Not sure if people are more bothered by claws because of their boniness or because they look like little hands. North Americans typically do not like their dead food to look remotely as it did when it was alive. As for the boniness, I personally am a bit of a lazy eater, and prefer food that I don't have to work for (i.e. with parts I need to spit out: sunflower seed, grapes with seeds, fish with bones etc.), and you definitely have to work for both chicken claws and necks (my MIL calls them "gorgelach", very similar to the Russian word for the "gorle"). In any case, after they've been cooked in Friday night soup broth - really yummy, and well worth the effort. *(The best chicken claws I've ever had, though, were not Jewish at all, but Chinese, at one of our favorite Dim Sum places).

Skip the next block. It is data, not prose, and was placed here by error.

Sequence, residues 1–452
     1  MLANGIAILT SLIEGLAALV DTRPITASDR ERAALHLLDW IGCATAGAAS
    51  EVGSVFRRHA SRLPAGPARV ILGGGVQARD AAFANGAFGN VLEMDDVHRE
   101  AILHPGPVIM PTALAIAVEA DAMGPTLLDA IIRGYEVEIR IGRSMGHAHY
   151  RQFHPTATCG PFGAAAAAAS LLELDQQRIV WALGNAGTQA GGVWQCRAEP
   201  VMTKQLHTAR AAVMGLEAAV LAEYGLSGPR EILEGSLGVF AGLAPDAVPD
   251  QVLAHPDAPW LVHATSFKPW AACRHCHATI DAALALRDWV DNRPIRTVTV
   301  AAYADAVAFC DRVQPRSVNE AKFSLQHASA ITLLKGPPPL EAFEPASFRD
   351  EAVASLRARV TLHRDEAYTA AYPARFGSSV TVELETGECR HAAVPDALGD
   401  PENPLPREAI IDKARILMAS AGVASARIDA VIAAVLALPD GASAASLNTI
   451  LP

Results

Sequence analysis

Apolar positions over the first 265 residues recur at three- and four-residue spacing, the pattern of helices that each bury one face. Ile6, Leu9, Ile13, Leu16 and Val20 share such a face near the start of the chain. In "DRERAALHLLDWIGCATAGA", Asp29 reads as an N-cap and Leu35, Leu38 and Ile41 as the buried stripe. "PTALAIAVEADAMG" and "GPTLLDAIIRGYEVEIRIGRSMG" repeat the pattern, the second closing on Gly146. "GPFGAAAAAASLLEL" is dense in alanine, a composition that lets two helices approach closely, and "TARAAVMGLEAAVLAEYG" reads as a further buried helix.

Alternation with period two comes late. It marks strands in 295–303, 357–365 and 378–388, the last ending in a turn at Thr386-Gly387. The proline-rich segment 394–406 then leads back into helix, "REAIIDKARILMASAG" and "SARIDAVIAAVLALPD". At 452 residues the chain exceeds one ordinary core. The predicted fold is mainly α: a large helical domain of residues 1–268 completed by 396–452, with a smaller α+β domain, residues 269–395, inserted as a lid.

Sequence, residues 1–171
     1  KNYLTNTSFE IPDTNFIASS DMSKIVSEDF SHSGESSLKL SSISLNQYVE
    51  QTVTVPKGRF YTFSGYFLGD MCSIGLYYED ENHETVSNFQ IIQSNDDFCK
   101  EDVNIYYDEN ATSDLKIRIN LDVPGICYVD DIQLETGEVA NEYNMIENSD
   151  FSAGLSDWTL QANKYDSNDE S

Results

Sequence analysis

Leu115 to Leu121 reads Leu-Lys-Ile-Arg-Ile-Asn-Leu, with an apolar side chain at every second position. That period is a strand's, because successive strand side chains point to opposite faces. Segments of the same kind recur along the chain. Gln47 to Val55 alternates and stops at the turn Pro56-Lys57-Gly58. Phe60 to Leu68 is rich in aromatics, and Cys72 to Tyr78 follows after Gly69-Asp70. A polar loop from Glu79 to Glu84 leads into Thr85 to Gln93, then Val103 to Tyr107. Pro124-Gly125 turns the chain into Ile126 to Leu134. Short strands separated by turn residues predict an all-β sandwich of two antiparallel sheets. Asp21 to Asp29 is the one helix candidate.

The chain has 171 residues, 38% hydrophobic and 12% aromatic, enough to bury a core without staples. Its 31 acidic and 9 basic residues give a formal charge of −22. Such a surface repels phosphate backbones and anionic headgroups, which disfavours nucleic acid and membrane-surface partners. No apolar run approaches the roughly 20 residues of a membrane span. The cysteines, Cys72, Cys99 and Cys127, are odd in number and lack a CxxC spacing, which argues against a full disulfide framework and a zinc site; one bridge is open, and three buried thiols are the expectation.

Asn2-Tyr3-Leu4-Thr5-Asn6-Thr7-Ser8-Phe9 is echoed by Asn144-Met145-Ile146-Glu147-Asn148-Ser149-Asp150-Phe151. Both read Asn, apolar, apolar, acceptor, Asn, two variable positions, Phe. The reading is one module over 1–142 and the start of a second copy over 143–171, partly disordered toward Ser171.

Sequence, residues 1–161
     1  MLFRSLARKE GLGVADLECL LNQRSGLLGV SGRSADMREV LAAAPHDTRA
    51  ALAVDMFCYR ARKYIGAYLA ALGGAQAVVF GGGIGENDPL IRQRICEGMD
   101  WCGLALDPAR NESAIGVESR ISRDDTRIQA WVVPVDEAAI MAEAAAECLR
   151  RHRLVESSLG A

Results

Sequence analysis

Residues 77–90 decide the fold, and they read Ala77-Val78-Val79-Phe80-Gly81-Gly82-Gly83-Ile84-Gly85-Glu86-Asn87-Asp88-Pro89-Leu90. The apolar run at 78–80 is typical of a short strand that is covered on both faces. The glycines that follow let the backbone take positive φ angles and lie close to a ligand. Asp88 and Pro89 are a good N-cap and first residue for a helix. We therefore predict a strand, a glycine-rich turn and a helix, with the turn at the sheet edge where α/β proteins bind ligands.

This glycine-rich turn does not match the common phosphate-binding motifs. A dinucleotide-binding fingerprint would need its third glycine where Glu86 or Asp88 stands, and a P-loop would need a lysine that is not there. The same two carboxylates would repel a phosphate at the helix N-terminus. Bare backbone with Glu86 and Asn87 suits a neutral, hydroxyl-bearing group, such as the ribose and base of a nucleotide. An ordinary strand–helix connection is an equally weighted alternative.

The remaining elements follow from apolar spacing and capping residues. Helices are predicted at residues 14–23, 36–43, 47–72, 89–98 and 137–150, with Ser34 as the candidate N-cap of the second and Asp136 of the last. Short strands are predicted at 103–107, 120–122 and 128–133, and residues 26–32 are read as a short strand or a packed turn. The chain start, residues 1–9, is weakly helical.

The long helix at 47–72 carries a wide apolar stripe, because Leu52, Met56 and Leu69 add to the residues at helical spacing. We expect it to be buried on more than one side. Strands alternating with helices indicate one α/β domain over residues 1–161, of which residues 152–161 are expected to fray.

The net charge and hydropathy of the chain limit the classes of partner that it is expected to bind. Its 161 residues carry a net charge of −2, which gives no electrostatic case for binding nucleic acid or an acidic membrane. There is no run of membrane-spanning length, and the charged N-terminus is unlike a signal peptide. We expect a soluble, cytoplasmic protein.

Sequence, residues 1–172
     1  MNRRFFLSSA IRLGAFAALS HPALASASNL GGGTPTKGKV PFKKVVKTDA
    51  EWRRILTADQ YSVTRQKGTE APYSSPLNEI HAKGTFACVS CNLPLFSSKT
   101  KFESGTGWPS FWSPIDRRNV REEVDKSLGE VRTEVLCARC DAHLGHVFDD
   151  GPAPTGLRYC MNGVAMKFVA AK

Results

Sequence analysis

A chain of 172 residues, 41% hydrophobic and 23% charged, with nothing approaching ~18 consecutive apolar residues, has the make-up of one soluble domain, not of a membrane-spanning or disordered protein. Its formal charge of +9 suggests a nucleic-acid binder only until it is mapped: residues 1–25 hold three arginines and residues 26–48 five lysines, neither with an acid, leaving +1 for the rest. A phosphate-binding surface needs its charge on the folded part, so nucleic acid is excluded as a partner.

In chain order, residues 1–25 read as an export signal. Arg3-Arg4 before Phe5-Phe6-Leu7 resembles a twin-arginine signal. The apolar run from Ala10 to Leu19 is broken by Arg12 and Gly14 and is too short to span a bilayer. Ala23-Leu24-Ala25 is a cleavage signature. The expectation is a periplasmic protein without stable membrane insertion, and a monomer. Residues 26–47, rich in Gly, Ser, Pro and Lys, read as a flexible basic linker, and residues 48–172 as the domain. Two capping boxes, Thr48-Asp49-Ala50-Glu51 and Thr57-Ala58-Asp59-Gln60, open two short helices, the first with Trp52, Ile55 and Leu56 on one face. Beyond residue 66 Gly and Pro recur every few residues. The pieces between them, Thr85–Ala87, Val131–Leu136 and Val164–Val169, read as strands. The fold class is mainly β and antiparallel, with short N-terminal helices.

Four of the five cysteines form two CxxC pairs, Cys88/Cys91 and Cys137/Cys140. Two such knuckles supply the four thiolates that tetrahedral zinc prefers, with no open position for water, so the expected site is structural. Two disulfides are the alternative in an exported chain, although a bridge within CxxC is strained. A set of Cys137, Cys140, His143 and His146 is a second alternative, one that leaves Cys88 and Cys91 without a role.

|Photo from Delicious Coma|
|Photo from The Modern Apprentice|
4. Gefilte Fish from a jar:
|Photo from Meijer|
Yeah . . something about non-refrigerated fish in a jar just kinda grosses me out. I'd try it, though. I'm not a huge gefilte fish fan to begin with (except the kind my MIL makes - Ungers frozen - which bears very little semblance in look or taste to any other gefilte fish - or fish in general, for that matter - that I've had). These look like the fish patties that are part of my Baba's gefilte fish . . which has some bony parts, some gelatinous parts . . not really my thing*. But, gefilte fish in a jar just seems wrong.
6. Gogol Mogol:
|Photo: Tasting Poland|
7. Eyerlach (Unhatched eggs):
|Photo from Israeli Kitchen|
Eyerlach are eggs found inside the chicken. I've never eaten them, but Mr. CL's sister tells me that when his mom made them they were delicious. I love eggs, so I'm sure they are. Incidentally, while buying meat at the kosher butcher today, someone had asked for them. She was told that Eyerlach are no longer considered kosher. Does anyone know if this is true?